This volume under review may incite one into debate among Marxist as well as non-Marxist scholars on the shortcomings in Karl Marx'stheory and his concept of scientific socialism. So much so that with the disintegration of the Soviet Union and Yugoslavia, many Marxist scholars have already started debating the reasons behind the failures responsible for such a case. In this book articles by well-known communists like Mohit Sen, P.N. Haksar, Sumit Chakravarty and Chaturanan Mishra and which appeared in Mainstream magazine have been quoted.
It is already known to most of us that George Bernard Shaw had once said that Marx and Marxism should be included in the curriculum of schools and colleges so that at the drawbacks of Marxism as propounded by Marx would become clear to the people. Nevertheless, even after a hundred years and more, Marx is still considered as the world'sgreatest political philosopher because at one time one-third countries of the world had their political system based on the tenets laid down by Marx. The best part of this book is that Dr Bokare, the author, had once been a staunch communist for decades. Hence his critical evaluation of Marxism carries weight.
The book has been divided into three sections. The first section has 11 articles published in the Nagpur Times under the title ?Is Marxism Dead?? The second section has six essays reflecting upon the analysis of economic ideas of Marx. The third section carries a bunch of letters written by Dr Bokare to eminent personalities and leaders, discussing some aspects of Marxian philosophy.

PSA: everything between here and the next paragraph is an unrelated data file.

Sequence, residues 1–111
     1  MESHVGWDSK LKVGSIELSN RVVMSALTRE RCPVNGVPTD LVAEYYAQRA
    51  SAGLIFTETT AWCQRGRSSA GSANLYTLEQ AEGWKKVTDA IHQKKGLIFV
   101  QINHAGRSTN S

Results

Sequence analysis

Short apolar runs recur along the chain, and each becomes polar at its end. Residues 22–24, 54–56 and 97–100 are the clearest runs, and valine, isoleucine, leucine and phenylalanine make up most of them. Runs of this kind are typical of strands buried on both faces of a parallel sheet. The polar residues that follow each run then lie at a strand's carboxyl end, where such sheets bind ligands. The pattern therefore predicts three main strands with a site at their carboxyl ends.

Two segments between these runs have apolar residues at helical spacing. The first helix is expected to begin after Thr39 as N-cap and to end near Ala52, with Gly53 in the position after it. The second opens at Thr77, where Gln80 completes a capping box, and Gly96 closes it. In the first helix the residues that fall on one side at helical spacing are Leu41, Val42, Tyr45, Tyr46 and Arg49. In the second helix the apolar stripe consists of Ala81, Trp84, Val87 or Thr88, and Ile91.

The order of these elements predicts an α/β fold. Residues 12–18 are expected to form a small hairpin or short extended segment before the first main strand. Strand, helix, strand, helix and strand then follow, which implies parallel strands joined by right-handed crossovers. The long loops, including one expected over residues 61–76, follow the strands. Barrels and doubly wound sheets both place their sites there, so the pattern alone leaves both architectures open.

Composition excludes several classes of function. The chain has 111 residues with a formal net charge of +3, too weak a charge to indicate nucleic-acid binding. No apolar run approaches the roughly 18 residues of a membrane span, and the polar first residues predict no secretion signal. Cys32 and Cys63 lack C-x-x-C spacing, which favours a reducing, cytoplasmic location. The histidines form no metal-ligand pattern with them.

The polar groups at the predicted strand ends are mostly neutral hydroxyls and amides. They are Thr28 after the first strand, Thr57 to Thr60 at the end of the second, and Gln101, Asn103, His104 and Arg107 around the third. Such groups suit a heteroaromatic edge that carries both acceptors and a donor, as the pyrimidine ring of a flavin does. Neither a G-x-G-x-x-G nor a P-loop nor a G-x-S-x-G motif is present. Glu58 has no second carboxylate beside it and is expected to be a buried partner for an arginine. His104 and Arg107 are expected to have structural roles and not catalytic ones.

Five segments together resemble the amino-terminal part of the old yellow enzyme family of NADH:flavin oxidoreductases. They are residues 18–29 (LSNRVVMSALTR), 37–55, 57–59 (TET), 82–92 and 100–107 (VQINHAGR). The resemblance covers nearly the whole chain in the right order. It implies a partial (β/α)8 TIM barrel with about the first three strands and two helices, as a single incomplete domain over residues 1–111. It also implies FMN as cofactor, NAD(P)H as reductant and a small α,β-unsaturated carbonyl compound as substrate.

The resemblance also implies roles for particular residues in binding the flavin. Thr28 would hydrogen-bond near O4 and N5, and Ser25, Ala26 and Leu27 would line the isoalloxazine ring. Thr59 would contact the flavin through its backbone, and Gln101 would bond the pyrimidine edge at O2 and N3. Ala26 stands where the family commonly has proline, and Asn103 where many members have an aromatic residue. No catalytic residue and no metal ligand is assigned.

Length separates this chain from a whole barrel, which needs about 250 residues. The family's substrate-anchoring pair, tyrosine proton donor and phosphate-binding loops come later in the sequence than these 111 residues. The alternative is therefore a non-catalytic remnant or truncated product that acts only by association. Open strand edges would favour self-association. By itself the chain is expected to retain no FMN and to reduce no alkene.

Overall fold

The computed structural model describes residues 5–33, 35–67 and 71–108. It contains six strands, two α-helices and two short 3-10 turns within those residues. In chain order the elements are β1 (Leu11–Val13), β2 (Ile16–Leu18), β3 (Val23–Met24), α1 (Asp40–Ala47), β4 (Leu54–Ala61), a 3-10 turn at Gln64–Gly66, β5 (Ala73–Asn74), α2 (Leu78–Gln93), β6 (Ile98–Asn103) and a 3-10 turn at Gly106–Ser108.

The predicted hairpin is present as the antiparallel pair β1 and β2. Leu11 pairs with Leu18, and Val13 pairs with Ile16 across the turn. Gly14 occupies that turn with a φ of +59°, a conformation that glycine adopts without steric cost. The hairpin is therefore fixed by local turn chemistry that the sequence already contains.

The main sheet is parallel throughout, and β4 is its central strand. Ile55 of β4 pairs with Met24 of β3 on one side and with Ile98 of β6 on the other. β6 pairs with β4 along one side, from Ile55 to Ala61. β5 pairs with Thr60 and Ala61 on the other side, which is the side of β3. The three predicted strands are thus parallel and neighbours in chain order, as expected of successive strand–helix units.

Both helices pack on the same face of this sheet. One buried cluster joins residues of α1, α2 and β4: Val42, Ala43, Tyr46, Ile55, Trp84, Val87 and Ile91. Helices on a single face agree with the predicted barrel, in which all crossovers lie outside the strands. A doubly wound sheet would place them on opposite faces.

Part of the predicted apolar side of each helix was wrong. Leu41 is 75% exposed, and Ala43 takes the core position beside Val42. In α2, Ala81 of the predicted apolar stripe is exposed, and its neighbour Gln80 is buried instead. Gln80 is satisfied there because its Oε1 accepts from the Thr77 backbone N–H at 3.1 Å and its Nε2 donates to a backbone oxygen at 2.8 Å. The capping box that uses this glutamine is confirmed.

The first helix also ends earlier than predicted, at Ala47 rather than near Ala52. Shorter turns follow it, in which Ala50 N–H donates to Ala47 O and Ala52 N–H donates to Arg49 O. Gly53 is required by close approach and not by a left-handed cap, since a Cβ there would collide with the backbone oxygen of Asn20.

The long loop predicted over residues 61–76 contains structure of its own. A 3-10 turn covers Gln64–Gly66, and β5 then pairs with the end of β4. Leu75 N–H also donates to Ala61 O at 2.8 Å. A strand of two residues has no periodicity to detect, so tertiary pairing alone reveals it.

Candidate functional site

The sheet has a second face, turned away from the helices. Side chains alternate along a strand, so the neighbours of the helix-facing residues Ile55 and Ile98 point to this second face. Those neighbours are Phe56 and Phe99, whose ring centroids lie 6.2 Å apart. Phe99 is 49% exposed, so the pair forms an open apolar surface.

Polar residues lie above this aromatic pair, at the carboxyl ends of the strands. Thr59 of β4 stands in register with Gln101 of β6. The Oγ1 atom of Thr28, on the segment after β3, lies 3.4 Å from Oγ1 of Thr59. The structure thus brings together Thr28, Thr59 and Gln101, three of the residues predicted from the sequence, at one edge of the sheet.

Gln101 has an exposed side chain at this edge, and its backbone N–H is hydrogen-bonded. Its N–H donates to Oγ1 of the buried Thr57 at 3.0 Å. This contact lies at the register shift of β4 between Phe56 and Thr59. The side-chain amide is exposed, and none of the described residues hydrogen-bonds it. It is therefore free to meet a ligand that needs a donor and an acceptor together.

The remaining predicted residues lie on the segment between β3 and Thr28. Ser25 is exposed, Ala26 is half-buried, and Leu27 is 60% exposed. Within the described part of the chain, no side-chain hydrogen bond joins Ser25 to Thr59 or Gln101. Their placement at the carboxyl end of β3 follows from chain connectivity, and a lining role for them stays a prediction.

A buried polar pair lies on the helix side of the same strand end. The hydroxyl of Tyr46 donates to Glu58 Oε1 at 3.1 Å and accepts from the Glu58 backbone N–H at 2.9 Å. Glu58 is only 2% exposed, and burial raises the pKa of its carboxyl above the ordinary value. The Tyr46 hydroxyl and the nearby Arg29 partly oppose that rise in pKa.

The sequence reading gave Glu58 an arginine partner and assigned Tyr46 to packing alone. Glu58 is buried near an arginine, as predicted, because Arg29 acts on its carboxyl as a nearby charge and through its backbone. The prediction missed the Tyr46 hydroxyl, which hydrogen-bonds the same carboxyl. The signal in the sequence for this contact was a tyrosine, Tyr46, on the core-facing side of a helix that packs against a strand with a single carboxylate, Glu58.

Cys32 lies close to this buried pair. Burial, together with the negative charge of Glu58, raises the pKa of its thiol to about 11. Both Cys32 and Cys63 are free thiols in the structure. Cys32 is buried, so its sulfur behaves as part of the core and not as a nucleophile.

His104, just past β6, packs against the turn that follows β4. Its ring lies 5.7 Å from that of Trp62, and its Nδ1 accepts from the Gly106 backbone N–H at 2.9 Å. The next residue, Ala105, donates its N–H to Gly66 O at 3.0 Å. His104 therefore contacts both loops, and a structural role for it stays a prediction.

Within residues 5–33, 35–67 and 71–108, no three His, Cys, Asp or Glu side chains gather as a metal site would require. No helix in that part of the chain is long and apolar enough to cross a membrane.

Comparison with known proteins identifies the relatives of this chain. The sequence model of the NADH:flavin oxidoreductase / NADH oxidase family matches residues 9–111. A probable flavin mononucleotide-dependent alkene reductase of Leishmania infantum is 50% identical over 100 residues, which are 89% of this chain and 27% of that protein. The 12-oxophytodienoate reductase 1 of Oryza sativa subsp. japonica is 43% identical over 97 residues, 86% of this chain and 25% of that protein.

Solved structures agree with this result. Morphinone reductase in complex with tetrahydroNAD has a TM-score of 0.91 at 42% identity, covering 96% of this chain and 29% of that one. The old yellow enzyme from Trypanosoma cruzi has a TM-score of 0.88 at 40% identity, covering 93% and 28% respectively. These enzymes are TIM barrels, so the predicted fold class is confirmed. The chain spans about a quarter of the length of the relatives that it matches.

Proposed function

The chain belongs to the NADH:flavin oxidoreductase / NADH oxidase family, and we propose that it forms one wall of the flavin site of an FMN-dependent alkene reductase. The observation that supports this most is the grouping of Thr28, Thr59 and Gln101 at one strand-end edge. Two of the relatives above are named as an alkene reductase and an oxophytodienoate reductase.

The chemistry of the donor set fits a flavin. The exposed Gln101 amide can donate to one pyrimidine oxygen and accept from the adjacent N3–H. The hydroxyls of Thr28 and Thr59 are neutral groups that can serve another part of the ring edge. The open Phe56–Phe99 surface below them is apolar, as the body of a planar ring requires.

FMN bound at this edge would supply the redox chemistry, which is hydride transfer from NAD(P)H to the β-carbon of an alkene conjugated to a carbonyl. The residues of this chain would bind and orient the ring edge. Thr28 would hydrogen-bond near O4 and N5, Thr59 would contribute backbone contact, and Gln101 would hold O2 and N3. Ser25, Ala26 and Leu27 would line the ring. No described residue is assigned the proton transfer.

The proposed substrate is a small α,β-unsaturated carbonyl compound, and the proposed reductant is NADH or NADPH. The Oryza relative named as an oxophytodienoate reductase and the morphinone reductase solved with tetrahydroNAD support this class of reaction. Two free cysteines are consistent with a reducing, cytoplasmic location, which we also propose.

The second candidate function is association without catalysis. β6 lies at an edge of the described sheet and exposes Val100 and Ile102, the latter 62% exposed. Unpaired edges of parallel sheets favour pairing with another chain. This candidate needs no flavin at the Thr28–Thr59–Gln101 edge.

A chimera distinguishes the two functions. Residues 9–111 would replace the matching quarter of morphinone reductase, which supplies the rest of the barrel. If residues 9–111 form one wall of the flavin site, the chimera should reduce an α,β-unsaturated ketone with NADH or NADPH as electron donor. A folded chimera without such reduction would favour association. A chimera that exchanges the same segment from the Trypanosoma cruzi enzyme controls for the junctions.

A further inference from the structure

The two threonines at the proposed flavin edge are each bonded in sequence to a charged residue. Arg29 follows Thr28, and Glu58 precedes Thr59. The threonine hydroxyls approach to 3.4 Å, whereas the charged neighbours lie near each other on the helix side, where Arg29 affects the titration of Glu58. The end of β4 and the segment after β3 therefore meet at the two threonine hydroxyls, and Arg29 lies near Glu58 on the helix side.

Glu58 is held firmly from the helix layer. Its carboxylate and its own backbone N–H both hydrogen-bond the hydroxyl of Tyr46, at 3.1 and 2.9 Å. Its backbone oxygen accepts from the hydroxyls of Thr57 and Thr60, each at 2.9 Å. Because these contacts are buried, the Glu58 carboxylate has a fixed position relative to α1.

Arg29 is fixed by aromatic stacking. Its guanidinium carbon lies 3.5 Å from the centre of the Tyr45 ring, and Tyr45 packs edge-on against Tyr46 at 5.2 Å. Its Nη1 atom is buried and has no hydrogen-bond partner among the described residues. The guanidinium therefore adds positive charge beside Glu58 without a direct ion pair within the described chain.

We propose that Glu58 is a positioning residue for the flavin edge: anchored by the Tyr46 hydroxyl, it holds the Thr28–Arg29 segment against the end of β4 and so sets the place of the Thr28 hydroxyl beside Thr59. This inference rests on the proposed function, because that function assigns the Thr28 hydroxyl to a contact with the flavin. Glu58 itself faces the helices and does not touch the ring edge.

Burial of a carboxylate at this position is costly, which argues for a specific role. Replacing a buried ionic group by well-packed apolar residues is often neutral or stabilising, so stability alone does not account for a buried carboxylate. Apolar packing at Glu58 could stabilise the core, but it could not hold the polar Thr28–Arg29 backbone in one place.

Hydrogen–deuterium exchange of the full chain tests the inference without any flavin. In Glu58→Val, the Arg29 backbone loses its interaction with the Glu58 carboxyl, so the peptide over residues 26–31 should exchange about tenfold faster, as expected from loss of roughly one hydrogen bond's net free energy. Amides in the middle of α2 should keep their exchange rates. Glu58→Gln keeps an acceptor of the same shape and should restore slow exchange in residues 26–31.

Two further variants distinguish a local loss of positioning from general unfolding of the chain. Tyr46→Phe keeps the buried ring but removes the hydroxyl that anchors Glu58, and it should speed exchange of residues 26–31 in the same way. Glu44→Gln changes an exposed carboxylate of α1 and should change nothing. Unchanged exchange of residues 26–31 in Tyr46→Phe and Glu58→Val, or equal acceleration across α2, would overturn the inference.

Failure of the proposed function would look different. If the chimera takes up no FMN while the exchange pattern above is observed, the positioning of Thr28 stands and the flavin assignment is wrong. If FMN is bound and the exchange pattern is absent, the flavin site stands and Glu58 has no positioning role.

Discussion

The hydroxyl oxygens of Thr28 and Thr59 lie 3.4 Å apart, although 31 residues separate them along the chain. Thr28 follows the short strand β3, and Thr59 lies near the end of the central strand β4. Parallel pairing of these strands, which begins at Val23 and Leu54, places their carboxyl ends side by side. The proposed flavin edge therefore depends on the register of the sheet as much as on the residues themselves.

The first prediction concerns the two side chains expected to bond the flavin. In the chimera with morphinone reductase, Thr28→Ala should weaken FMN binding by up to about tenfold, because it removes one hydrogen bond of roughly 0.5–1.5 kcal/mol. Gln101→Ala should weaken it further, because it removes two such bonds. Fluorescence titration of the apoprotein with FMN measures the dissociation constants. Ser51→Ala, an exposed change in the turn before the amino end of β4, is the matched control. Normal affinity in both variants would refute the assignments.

Dr Bokare says that opinions among the Marxists are divided on the cause of the crisis especially with reference to the erstwhile Soviet Union. He says that almost all essays deal with the cruelty of Stalin under whom the dictatorship of the proletariat had been converted into dictatorship by Stalin and that he had suppressed expression, activities and writings of the intellectuals. But the fact was that what Stalin had suggested was State ownership sector, collective ownership sector and cooperative ownership sector all of which would contribute some fund to the common consumption fund which would be used for goods and services provided to all irrespective of the membership of the three sectors.
The author says that Marx was a friend of capitalists, a friend in disguise of the enemy, and cites the reasons responsible for coming to his aforesaid conclusion. But Marx was unequivocal in support of violence, armed confrontation, mass demonstration, etc. because of which he was called the enemy of capitalism. The author says if there is a war between two or more capitalist countries, ?it is most suitable for organising armed agitations with the tacit support of the government or against the government also. If there is a civil war, the communist party gets the benefits of a long disturbance. A long period of civil war is always beneficial to communists.?
In such a scenario, economic issues and its theories are useless for capturing power. ?All against all is the ultimate in the bedlam of politics.? It is like the game of musical chairs. If economics of Marx is not useful to them, then politics is equally available to all political parties seeking power and this explains why many anti-Marxist parties duplicate the same programmes like those of the communist party and ?all political parties are the brand names of the same contents.?
Dr Bokare has read most of the books written by Marx and Engels very carefully and come to the conclusion that Marx's?concept of classes, contradiction between classes, class-war (in economics) and scientific socialism? were wrong and his ?socialism after capitalism was false?. At best it was ?an empty box and sophistry in dialectics,? concludes the author.
(Dr M.G. Bokare Memorial Foundation, C-507, Shilpa Housing Society, near MIT College, Paud Road, Pune-411038.)